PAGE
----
Introduction to Second CCAF Conference
After the first CCAF conference we received a criticism: the theme of the conference was too broad, it lacked a focus, therefore many problems were perfunctorily discussed. Professor James Elkins of SAIC proposed four new themes at the end of the conferences, and art criticism is one of them. Although discussion during the first conference touched on art criticism, it was inadequate due to the above reasons. Some Chinese scholars also expressed concerns regarding the conference theme, and hope changes will be made for the second conference.
In China, we understand that the art criticism is a weak point in the rapid development of Chinese contemporary art; it has many problems and some of them are urgent. Chinese contemporary art is comparatively young, however it appears that the tendency of Chinese contemporary art has been becoming less critical recently as compared to its early years of development. The art criticism also appears more of praising achievement than providing critical thinking. Some problems are more practical and may have something to do with the commercialization of criticism which as I pointed out in the first conference introduction: “that under the seduction of money some critics are corrupted and criticism become the tool for the art market”. And some problems may related with the government regulations and censorship on art, also the government offered institutionalization for the contemporary art. Other problems are theoretical in nature because of the fact that theory which the criticism of contemporary art based on was adopted from the West. Not to mention the dazzling terms and methodologies of art theory, the translation of those terms and methodologies alone presents considerable difficulties; the same terms and methodologies are applied under different context of China and the West, and that often results misunderstanding, misleading and misjudging of contemporary art in the practice of art criticism.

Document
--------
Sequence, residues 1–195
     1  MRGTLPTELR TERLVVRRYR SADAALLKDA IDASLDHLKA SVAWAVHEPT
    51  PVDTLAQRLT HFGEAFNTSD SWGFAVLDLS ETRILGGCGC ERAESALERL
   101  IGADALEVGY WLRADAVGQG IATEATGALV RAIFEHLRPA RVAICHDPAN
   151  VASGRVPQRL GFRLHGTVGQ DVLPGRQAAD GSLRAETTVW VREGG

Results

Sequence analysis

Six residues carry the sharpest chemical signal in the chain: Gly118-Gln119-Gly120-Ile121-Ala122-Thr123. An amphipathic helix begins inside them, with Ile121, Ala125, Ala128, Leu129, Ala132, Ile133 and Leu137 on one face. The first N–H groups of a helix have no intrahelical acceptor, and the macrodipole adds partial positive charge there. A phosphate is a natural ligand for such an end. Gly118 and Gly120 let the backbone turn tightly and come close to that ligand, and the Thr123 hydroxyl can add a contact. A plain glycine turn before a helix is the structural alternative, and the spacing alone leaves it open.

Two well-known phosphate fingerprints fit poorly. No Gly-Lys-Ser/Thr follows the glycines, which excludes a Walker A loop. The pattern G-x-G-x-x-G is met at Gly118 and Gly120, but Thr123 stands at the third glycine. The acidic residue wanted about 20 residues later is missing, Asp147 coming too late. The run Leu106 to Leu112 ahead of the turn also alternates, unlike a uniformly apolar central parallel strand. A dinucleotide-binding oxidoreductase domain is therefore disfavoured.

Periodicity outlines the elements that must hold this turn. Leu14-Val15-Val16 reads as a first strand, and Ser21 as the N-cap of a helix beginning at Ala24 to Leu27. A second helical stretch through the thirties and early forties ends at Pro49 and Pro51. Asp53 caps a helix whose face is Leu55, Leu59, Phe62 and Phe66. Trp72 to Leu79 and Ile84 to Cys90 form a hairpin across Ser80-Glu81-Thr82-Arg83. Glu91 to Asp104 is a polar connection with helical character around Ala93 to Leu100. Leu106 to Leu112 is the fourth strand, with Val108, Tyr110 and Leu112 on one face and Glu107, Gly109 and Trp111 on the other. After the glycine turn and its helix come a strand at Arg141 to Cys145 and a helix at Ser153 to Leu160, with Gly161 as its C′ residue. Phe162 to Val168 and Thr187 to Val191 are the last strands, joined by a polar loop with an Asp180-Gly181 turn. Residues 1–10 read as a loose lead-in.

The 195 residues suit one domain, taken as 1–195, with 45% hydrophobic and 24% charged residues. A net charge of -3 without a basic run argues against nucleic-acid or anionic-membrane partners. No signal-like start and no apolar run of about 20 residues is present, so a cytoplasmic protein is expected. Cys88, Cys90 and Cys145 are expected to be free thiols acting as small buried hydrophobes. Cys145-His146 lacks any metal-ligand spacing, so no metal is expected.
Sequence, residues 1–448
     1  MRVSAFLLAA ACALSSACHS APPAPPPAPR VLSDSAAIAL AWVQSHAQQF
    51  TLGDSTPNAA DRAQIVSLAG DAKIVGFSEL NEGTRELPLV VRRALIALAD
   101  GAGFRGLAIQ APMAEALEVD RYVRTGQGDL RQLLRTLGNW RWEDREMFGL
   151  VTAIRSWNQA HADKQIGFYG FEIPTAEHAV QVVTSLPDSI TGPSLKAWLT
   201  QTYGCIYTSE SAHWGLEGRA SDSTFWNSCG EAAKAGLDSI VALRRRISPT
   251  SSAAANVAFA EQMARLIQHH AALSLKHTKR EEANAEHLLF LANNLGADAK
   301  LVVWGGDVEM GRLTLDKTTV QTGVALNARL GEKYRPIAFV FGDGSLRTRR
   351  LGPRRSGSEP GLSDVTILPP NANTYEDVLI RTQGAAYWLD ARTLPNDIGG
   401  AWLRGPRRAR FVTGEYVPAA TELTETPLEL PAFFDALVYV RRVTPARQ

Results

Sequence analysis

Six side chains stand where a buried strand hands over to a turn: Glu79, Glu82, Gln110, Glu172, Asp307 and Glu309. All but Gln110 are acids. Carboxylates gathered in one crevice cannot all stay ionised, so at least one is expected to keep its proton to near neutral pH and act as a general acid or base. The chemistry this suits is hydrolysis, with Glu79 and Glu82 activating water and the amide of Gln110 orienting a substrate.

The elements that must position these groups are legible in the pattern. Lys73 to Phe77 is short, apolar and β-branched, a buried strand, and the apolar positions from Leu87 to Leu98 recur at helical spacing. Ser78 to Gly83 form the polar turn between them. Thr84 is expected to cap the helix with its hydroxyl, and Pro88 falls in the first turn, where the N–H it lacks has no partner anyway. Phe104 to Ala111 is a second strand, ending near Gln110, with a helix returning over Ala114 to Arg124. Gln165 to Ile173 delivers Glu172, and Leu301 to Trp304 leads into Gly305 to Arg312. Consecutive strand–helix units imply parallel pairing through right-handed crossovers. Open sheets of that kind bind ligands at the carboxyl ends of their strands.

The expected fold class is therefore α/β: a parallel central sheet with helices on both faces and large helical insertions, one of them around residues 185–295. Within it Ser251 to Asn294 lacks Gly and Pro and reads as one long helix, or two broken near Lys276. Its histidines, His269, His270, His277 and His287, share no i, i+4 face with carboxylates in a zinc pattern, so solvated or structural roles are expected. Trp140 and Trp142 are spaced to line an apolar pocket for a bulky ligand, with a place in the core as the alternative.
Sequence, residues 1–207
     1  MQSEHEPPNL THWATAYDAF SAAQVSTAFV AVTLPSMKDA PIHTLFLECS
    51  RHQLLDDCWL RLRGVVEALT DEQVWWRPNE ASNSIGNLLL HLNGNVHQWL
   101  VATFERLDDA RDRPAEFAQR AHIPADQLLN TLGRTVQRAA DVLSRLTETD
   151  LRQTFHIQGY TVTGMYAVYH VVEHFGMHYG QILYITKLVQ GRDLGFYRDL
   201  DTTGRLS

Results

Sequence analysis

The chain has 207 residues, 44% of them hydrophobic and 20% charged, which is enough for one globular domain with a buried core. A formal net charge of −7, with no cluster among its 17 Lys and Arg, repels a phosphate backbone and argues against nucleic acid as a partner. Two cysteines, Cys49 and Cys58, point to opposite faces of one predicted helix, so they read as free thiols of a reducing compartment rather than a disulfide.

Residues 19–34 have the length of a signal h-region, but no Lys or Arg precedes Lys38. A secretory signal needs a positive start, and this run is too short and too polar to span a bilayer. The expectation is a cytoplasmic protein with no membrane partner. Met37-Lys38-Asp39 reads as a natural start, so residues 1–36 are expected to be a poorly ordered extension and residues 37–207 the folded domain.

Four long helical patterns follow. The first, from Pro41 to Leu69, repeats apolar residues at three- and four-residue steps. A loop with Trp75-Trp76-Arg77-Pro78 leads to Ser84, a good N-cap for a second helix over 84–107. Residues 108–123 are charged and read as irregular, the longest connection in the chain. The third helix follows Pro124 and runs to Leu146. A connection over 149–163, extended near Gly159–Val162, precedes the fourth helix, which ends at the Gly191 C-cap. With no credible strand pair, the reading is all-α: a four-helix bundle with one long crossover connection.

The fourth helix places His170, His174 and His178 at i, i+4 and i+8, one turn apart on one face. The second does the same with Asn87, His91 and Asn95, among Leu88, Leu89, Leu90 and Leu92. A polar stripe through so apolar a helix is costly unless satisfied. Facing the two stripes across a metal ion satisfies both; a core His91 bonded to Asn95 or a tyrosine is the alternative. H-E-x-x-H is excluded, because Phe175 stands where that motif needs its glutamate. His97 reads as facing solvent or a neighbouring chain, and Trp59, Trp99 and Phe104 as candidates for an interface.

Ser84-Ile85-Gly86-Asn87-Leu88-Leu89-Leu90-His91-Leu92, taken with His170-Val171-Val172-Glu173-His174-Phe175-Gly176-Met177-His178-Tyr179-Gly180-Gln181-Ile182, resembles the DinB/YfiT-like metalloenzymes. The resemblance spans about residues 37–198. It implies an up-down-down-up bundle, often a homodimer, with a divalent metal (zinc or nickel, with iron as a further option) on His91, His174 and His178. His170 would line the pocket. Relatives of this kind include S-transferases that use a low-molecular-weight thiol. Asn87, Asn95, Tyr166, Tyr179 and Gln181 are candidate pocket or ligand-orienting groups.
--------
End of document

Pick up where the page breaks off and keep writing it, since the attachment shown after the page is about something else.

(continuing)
In the West, art criticism also is struggling; according to some scholars it is in crises and the situation has been like that for a long time. On the one hand, there are so many new art pieces produced regularly in North America and Europe that challenge the current parameters of criticism. On the other hand, there is the enormous impact of mass culture, which makes serious art criticism increasingly invisible and render the critical judgment moot.
The theme of the second CCAF conference is: “What Happened to Art Criticism? —Problems in Chinese and Western Art Criticism”. In the conference, critics and scholars from the West and China will come together for the first time to discuss problems in art criticism. The problems of Chinese and Western art criticism are different but share some features. I believe this discussion will promote understanding of the nature of art criticism and contemporary art at a time of accelerating globalization.
Qigu Jiang in FL 2/18/2010
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